There are two general approaches that lead to Mount Harrington's east side from where you can ascend the North Ridge (most popular), South Arete, or East Face. The two approaches, described below, entail 9+ miles of class 1 hiking and 6,500+ feet of elevation gain to reach the summit.
LEWIS CREEK APPROACH: Use the Lewis Creek Trailhead (4,500') described in the main Getting There Section. This 9.3 mile class 1 route reaches Frypan Meadow (7,900') in 6.2 miles on the way to Grizzly Lakes (9,650') in another 3.1 miles. Along the way, the trail crosses a number of creeks on it's way to the summit including Comb Creek at 6,000' and Lewis Creek at 6,680' on the way to Frypan Meadows. After Frypan Meadow you will cross the East Fork of Grizzly Creek at 8,200' and 7.75 miles from the trailhead before reaching the last ridge before Harrington at 9,800'. From here you can climb Harrington or make your way down to camp at Grizzly Lakes (9,650').
DEER COVE APPROACH: Use the Deer Cove Trailhead (4,400') described in the main Getting There Section. This class 1 route is similar in length to the Lewis Creek Trail but: (1) offers better views of Mount Harrington, the Grand Dike, and the Great Western Divide, (2) cross less creeks (only 2 - East Fork of Grizzly Creek described above and Deer Cove (5,600') 2 miles from the trailhead), (3) is much more sandy for the majority of the hike, and (4) is not located in the National Park so is not subject to quota restrictions. Head north towards Wildman Meadow and then towards Grizzly Lakes (9,650') joining the route above just before the final ridge.
From the ridge at 9,800' or camp at Grizzly Lakes, hike into the meadow just beneath Mount Harrington's East Face at about 10,080'. Your immediate objective is the knob /bump at the base of Harrington's North Ridge and there are three general ways to get there. The most direct route is to head east and climb up the ridge to just north of the small knob / bump. Another popular and easier route is to head up northwest to the end (climber's right) end of the long short ridge crest (Monarch Divide) and boulder hop along the ridge crest to the knob at the base of the North Ridge. Finally, you can hike directly north to a gentle saddle (even more to climber's right than 2nd route and the longest distance) and head southwest along the Monarch Divide ridge crest to the base of the North Ridge.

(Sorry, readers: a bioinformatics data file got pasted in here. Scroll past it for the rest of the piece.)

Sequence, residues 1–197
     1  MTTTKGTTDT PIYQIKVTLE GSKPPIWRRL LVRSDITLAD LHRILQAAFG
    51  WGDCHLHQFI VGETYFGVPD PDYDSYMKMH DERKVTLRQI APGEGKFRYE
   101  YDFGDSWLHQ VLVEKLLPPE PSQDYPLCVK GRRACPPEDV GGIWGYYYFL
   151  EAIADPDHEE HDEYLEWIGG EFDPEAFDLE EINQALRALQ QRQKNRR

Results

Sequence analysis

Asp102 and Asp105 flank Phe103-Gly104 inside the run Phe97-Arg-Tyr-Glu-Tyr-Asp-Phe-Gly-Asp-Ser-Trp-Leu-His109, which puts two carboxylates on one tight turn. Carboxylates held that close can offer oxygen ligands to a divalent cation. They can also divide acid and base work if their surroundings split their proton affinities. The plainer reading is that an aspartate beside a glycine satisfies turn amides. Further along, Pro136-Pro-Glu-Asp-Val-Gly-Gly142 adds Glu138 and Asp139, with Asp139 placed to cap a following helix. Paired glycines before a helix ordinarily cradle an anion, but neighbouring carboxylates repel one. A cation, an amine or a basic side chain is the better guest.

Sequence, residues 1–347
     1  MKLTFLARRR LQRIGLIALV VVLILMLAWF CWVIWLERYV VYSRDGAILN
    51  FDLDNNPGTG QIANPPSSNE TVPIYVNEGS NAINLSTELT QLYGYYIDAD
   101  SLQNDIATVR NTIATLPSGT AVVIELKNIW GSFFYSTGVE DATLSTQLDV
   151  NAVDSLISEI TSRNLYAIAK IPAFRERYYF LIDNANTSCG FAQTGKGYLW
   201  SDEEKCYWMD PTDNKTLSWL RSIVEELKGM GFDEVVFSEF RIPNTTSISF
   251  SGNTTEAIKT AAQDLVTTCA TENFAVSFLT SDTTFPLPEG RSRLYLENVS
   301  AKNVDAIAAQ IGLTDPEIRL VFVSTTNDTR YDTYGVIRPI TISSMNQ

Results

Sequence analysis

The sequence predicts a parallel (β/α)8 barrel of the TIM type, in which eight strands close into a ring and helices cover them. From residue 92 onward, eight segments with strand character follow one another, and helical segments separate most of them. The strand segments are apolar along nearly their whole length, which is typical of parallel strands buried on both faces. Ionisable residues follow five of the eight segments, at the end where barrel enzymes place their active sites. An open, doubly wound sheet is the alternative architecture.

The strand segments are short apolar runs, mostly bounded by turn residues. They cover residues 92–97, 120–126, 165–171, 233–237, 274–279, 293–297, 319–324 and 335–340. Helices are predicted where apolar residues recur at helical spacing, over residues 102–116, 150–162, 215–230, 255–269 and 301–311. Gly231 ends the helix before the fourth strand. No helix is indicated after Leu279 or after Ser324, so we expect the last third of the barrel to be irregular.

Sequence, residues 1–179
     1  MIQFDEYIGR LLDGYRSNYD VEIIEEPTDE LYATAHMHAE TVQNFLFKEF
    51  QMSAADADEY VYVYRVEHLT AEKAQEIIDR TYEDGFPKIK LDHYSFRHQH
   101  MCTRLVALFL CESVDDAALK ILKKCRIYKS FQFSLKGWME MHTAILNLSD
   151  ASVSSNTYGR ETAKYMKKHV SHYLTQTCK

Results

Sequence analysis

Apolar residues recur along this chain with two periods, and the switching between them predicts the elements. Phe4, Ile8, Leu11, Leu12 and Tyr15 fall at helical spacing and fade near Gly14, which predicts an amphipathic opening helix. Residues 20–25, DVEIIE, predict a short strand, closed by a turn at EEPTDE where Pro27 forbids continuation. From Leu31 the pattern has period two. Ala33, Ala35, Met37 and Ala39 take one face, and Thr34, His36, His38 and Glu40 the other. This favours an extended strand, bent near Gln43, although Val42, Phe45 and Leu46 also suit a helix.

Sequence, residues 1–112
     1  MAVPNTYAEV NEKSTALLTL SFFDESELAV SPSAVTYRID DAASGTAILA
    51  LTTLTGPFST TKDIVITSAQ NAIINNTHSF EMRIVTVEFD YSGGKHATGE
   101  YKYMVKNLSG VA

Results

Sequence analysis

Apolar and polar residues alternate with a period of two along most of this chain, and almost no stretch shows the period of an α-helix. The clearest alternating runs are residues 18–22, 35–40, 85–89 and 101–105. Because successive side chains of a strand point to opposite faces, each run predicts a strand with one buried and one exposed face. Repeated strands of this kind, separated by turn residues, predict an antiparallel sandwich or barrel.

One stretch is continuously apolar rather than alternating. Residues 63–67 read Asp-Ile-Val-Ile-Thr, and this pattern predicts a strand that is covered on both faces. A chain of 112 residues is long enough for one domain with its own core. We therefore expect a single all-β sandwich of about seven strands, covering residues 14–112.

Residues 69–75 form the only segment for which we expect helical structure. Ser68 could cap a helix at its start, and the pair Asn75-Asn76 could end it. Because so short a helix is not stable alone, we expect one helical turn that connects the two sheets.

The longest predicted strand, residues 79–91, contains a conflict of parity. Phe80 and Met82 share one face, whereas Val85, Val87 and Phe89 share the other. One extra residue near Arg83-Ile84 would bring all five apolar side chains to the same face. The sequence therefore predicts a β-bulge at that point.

Once you are at the base of the North Ridge, the route is fairly obvious - straight up! There are several variations the first of which being the first 30' where you can either take a direct class 3 climb up or traverse around the west side for a class 2 way up. There are a number of class 3 moves to the summit from there.
None during snow-free season. Ice axe, crampons, and snowshoes may be needed during early or late season ascents.
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